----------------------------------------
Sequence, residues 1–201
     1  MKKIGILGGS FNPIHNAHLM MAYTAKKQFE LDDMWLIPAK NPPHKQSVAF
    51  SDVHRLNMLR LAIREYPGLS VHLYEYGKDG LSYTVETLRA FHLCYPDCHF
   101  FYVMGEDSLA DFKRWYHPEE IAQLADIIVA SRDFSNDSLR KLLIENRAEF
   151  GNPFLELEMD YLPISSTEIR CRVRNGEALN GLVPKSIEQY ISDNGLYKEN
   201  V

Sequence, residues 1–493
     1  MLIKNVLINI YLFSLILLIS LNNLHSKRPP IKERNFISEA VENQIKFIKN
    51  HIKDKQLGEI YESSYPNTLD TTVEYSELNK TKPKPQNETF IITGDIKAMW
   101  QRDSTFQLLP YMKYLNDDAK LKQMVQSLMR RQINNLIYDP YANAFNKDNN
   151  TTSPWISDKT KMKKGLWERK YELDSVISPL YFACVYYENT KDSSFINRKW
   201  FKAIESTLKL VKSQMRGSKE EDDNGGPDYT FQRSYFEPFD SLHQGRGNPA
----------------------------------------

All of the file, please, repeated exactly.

Sequence, residues 1–201
     1  MKKIGILGGS FNPIHNAHLM MAYTAKKQFE LDDMWLIPAK NPPHKQSVAF
    51  SDVHRLNMLR LAIREYPGLS VHLYEYGKDG LSYTVETLRA FHLCYPDCHF
   101  FYVMGEDSLA DFKRWYHPEE IAQLADIIVA SRDFSNDSLR KLLIENRAEF
   151  GNPFLELEMD YLPISSTEIR CRVRNGEALN GLVPKSIEQY ISDNGLYKEN
   201  V

Sequence, residues 1–493
     1  MLIKNVLINI YLFSLILLIS LNNLHSKRPP IKERNFISEA VENQIKFIKN
    51  HIKDKQLGEI YESSYPNTLD TTVEYSELNK TKPKPQNETF IITGDIKAMW
   101  QRDSTFQLLP YMKYLNDDAK LKQMVQSLMR RQINNLIYDP YANAFNKDNN
   151  TTSPWISDKT KMKKGLWERK YELDSVISPL YFACVYYENT KDSSFINRKW
   201  FKAIESTLKL VKSQMRGSKE EDDNGGPDYT FQRSYFEPFD SLHQGRGNPA